COVID-19 affects Black and Hispanic children at higher rates than whites in Minnesota, state health data shows.
Of the 52,281 confirmed cases as of Tuesday in Minnesota, people aged 19 years old and younger are around 13 percent of the cases. Health professionals see a troubling trend.
“We're for sure seeing a disproportionate number of children of color being impacted by COVID,” said Patsy Stinchfield, director of infection prevention and control at Children’s Minnesota.
The hospital system has treated around 300 pediatric COVID-19 cases as of mid-July. Thirty-one percent of those patients were Black or African American; 24 percent Hispanic; 16 percent white; and 11 percent Asian. The numbers are similar across the state.
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Stinchfield isn’t sure why there are such disparities, but she said many children seemed to get the virus from a family member.
"I think in a lot of our families of color, they are front-line workers,” she said. “They are helping serve the public. And so they are exposing themselves to crowds, to people and then potentially bringing that home themselves, getting sick and then passing it on to their children."
A similar disparity exists in the state’s small number of confirmed cases of multisystem inflammatory syndrome in children or MIS-C. So far, there are 15 cases — 11 in children 5 years old and younger. Nine of the 15 cases were in Black children. Overall, there are more boys than girls known to have MIS-C.
The very rare syndrome is believed to be caused by the coronavirus. It can be severe, and can be deadly, though no deaths have been tied to the syndrome in Minnesota.
Nationwide, there have been 342 reported cases of MIS-C. About 70 percent of those cases have occurred in children who are Hispanic/Latino or nonHispanic Black. Six children have died, according to the Centers for Disease Control and Prevention.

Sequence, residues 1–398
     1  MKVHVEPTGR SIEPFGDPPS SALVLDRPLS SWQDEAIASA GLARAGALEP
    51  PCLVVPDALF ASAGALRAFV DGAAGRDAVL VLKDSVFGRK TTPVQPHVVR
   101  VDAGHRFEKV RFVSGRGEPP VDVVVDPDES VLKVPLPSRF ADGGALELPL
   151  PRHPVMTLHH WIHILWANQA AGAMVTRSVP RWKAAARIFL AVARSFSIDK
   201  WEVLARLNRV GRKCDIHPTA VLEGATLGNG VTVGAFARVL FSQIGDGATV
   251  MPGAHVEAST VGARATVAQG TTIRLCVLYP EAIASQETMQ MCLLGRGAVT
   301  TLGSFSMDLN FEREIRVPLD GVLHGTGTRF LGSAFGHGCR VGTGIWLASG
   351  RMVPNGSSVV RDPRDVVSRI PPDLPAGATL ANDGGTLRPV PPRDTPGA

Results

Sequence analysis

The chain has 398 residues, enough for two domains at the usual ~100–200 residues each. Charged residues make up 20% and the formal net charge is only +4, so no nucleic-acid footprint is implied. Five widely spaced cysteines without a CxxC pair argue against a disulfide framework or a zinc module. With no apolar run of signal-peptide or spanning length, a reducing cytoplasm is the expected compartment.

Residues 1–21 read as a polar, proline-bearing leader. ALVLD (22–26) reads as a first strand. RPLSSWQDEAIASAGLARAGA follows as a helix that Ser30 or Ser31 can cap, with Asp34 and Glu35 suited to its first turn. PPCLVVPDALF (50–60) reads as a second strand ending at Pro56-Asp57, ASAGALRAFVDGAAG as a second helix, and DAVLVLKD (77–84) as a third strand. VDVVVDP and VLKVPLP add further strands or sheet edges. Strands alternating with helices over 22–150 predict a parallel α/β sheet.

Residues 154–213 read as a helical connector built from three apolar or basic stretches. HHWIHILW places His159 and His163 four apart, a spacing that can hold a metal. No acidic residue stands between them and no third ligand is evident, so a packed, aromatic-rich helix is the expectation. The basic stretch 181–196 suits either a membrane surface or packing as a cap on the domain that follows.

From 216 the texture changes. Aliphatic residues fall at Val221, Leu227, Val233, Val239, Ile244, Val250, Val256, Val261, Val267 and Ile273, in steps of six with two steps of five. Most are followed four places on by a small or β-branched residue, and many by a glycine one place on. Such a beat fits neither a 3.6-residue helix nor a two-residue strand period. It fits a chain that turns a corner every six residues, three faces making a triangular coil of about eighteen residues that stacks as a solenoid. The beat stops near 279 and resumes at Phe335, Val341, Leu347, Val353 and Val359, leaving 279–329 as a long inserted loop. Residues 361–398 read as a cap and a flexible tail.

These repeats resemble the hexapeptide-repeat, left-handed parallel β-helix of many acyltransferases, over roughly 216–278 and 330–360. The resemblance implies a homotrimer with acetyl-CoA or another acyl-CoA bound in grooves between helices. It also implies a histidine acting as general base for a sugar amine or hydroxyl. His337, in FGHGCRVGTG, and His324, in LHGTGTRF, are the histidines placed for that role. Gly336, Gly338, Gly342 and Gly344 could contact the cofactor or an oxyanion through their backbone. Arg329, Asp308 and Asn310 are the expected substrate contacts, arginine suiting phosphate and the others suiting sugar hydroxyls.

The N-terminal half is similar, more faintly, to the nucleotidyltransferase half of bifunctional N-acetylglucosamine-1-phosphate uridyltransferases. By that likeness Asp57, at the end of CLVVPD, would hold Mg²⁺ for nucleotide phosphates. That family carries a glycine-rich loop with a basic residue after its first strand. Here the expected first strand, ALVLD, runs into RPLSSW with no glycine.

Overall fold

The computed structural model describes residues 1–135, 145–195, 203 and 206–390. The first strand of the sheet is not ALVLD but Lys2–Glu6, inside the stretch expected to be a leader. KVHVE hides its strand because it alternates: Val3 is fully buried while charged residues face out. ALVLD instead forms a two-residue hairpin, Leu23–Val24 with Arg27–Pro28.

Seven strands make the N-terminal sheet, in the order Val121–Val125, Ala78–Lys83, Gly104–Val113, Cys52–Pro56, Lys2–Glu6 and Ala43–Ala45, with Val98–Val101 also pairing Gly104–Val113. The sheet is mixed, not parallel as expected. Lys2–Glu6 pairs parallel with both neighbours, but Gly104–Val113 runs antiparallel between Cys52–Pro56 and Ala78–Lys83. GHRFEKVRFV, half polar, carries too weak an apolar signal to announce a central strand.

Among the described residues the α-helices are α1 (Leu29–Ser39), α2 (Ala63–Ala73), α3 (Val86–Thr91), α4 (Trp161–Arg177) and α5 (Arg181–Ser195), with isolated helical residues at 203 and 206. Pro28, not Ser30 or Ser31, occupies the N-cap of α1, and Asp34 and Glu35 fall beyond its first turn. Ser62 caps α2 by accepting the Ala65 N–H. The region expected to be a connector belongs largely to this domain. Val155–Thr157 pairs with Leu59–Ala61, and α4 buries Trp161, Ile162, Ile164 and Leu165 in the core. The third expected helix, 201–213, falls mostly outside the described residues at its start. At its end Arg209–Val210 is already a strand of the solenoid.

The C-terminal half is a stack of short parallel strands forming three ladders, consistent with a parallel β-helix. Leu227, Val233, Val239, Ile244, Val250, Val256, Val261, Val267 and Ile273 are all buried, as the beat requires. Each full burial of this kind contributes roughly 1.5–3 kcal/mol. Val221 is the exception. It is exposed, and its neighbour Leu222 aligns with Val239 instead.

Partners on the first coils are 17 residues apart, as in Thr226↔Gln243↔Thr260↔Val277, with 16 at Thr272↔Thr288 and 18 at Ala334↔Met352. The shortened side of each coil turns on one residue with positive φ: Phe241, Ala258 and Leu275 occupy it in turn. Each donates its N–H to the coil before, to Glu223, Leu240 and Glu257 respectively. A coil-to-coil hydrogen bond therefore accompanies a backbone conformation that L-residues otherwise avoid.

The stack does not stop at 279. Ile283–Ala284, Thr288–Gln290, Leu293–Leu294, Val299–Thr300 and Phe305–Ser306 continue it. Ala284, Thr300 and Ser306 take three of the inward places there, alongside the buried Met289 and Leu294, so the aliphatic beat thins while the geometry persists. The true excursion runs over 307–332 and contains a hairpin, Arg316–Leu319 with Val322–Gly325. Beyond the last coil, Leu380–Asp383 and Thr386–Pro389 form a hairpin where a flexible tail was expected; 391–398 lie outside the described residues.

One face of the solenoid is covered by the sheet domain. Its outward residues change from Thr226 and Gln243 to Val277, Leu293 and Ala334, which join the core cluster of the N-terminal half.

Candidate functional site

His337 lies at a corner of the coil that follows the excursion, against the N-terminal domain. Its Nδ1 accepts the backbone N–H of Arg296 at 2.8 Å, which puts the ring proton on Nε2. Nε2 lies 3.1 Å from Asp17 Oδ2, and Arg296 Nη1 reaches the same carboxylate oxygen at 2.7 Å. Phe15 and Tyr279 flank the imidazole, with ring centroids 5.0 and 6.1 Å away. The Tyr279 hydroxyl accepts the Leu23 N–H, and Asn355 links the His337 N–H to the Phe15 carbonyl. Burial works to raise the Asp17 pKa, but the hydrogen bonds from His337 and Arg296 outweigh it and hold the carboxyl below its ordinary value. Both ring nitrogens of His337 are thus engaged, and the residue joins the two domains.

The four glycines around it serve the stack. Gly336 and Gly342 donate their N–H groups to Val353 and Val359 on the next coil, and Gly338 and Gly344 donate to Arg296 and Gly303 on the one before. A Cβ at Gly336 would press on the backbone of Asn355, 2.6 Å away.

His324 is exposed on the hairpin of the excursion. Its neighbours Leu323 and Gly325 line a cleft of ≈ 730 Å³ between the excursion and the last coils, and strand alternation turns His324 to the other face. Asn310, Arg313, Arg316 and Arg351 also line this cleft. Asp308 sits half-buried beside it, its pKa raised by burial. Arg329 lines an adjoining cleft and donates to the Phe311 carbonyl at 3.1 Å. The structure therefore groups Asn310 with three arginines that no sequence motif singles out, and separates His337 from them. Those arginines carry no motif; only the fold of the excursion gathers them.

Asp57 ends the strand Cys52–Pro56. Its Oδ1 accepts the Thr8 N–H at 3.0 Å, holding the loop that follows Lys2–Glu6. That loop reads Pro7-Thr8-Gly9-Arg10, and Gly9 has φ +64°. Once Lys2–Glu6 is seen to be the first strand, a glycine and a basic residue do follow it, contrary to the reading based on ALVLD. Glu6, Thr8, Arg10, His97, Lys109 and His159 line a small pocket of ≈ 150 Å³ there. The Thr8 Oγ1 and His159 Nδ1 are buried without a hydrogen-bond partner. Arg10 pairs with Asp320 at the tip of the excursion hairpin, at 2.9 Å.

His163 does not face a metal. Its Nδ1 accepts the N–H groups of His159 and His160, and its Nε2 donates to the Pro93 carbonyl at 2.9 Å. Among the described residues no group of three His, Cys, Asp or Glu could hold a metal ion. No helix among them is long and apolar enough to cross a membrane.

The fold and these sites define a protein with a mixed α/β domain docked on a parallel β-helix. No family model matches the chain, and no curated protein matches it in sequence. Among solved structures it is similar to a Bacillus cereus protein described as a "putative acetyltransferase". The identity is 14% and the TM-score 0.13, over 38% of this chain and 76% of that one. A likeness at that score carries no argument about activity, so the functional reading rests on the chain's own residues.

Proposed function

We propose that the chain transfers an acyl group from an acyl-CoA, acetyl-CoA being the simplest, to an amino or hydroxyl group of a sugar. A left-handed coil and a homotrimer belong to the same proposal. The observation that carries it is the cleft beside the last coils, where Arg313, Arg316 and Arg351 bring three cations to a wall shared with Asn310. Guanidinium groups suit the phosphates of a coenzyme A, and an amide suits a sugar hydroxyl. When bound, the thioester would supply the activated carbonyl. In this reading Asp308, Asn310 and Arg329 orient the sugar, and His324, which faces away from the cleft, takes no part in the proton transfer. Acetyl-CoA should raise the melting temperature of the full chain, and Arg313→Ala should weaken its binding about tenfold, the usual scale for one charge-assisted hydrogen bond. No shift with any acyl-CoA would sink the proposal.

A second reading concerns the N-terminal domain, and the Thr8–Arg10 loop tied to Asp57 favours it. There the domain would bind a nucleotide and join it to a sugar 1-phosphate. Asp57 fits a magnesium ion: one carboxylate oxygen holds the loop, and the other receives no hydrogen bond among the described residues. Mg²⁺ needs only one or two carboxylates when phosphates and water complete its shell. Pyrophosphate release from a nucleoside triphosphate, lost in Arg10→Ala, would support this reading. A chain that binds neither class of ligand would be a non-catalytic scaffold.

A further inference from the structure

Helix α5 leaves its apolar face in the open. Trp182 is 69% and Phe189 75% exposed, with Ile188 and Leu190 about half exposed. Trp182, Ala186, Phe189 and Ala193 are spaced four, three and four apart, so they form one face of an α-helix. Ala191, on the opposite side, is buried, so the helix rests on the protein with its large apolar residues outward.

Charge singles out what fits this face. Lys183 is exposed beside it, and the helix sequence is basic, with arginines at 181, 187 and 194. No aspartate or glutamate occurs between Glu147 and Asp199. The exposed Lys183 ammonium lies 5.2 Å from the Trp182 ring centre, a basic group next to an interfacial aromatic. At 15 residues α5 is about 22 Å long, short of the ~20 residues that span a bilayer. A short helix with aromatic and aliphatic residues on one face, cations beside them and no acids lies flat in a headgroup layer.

The cases show various symptoms.
Dr. Sarah Linn, an infectious disease physician with the state Health Department, said kids with the syndrome typically have fevers that last for days.
“And then the children have typically had either a rash or gastrointestinal symptoms like abdominal pain or diarrhea or vomiting,” Linn said.
Dr. Andrew Kiragu, the medical director of the pediatric intensive care unit at Hennepin Healthcare and a professor at pediatrics at the University of Minnesota, has worked with two patients with the syndrome.
“They were sick enough to be in the ICU. One required some additional respiratory support and one required additional fluid resuscitation,” Kiragu said.
He said it’s been concerning for parents, especially if they or their children have been through COVID-19 already.
“Especially now with this new syndrome, you know, it does impact multiple systems. There's that added concern because you get sick, you think you're out of the woods. But then two to four weeks later, ‘oh, boy, what's going on?’” he said.
After peaking in early June, cases of MIS-C do not seem to be occurring as frequently — for now.
But physicians and researchers still don’t know for sure why children and adults who are Hispanic or Black are showing up in greater numbers with COVID-19 and MIS-C.
Dr. Adrienne Randolph, a critical care physician at Boston Children’s Hospital and a professor at Harvard Medical School, authored one of two studies published in the New England Journal of Medicine on MIS-C last month.
“We're doing the best that we can to do a quick investigation of factors to try to understand better,” Randolph said.
As of yet, doctors and researchers do not have evidence explaining why disparities exist. But Randolph said there are many factors already that can put Hispanic and Black people of any age at risk for COVID-19.
Randolph and other physicians interviewed say those factors include health care systems that discriminate against people of color, multigenerational living spaces, jobs in front-line industries and a lack of information in the languages of recent immigrant groups.
The CDC is doing a more intensive study of cases so far to see which factors might be playing in a role in the disparities.